Steel Mills

ArcelorMittal Cleveland Melts Guns in Police Buyback

Written by Sandy Williams

ArcelorMittal is helping to keep Cleveland neighborhoods safe by melting down unwanted guns. The steelmaker provided funding, and a hot furnace, to the Cleveland Police Foundation’s 11th Annual City of Cleveland Gun Buyback event Oct. 21.

Citizens received $100 gift cards from True-North-Shell, Target, and Dave’s Supermarket in exchange for turning in their unwanted guns. The Cleveland Police Department 3rd District Headquarters collected revolvers, rifles and other firearms, including 72 handguns and 25 rifles and shotguns. Among the weapons were an assault rifle and several sawed-off shotguns and semi-automatic rifles. Also collected were 18 “very real looking” replica, BB and pellet guns that were nearly indistinguishable from the real items.

This year’s haul will be added to the 168 firearms received during last year’s buyback. CPD will inspect and catalog the guns prior to being melted at ArcelorMittal Cleveland.

Once the firearms are processed, a joint press conference will be scheduled by the City of Cleveland, ArcelorMittal and Cleveland Police Foundation to witness the actual melting.

The firearms are thrown whole into the 3,000 degree melt pot at ArcelorMittal to become future appliances, vehicles, and other products. The stocks and other non-metal parts vaporize and have no impact on the quality of the steel being produced.

“ArcelorMittal has been a longtime supporter of the Cleveland Gun Buyback program,” said ArcelorMittal Vice President and General Manager Mike Madar. “It aligns with the culture of health and safety we have within our facility, and we are pleased to partner with the community to promote safety in our neighborhoods. I know this program has the potential to save lives. We will melt down the weapons collected in the Gun Buyback and recycle them into new steel, transforming them into consumer goods that improve the quality of all our lives.”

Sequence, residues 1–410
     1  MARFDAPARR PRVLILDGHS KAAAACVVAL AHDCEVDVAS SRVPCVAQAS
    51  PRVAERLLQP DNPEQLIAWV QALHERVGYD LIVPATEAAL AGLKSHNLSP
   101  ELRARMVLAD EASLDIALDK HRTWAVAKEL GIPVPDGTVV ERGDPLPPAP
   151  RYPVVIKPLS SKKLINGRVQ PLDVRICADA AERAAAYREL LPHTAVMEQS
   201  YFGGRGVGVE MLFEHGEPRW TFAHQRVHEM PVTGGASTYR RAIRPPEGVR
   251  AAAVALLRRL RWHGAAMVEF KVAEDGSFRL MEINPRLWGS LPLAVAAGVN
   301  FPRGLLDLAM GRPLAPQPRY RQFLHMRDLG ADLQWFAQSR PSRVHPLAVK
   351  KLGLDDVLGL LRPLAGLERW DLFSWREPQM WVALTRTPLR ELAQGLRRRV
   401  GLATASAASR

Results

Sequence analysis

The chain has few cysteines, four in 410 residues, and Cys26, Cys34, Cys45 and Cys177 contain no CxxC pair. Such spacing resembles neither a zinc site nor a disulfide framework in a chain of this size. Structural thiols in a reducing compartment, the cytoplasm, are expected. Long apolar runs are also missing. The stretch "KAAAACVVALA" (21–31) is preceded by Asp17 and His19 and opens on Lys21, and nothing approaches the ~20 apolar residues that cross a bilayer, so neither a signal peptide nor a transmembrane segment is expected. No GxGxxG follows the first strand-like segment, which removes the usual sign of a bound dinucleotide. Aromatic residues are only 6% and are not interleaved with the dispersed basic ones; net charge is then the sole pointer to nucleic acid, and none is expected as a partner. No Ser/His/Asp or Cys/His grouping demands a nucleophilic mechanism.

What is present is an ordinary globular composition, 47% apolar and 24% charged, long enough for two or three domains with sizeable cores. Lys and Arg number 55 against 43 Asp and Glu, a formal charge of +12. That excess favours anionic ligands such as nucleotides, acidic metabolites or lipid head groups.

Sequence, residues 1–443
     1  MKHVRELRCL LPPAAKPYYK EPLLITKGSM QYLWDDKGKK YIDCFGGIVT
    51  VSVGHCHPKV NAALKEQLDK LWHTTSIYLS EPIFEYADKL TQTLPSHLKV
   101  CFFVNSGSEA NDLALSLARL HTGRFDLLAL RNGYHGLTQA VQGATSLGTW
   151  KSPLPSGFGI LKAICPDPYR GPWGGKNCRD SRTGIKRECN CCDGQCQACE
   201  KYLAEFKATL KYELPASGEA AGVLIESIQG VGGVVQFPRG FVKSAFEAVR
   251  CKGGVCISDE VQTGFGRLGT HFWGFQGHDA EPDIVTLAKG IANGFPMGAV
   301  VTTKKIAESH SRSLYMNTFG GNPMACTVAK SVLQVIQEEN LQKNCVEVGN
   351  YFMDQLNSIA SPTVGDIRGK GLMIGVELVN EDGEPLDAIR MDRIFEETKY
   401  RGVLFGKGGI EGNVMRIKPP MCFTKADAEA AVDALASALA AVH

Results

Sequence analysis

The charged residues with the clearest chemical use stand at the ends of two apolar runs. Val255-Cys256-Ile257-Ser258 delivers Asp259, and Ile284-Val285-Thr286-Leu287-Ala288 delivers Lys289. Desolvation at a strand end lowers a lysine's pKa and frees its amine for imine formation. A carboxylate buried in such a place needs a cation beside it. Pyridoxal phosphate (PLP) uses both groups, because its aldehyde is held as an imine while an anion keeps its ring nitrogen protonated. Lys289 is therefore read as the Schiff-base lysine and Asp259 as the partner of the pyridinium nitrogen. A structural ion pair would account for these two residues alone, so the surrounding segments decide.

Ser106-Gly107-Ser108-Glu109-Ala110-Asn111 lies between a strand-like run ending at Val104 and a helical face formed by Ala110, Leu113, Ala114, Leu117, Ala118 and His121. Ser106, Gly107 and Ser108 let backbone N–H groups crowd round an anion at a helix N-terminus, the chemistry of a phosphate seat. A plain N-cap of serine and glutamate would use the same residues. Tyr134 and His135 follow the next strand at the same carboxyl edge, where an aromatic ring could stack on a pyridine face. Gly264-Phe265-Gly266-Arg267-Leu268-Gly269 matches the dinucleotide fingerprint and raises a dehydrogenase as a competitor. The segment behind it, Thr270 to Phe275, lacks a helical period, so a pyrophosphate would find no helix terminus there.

CPD Sgt. Jennifer Ciaccia said the program encourages the public to turn in unwanted guns to keep them out of the hands of other people and, especially, children. “A lot of times when people own a weapon or they inherit a weapon and they don’t want it, they may not store it correctly,” she said. “And every year kids come into contact with loaded weapons and they hurt themselves or they hurt other kids.”

“We know that as a result of this program someone’s life will be saved, and we are encouraged that the police and community are working together to get these guns off the street,” said Calvin Williams, Chief of Police. Since the program’s inception in 2007, 3,174 guns were removed from Cleveland’s neighborhoods.

One Cleveland resident commented after turning in a gun, “I can breathe easier knowing it is out of my house and unavailable for my grandchildren or anyone else to get to it.”

Cleveland Police Foundation Community Outreach Coordinator Bob Guttu agreed. “I have a feeling there are quite a few people breathing easier after this event.”

“Once again, ArcelorMittal has demonstrated that it is an outstanding corporate citizen and community partner who is committed to making our neighborhoods safer,” said Charles Lane, Executive Director of the Cleveland Police Foundation.

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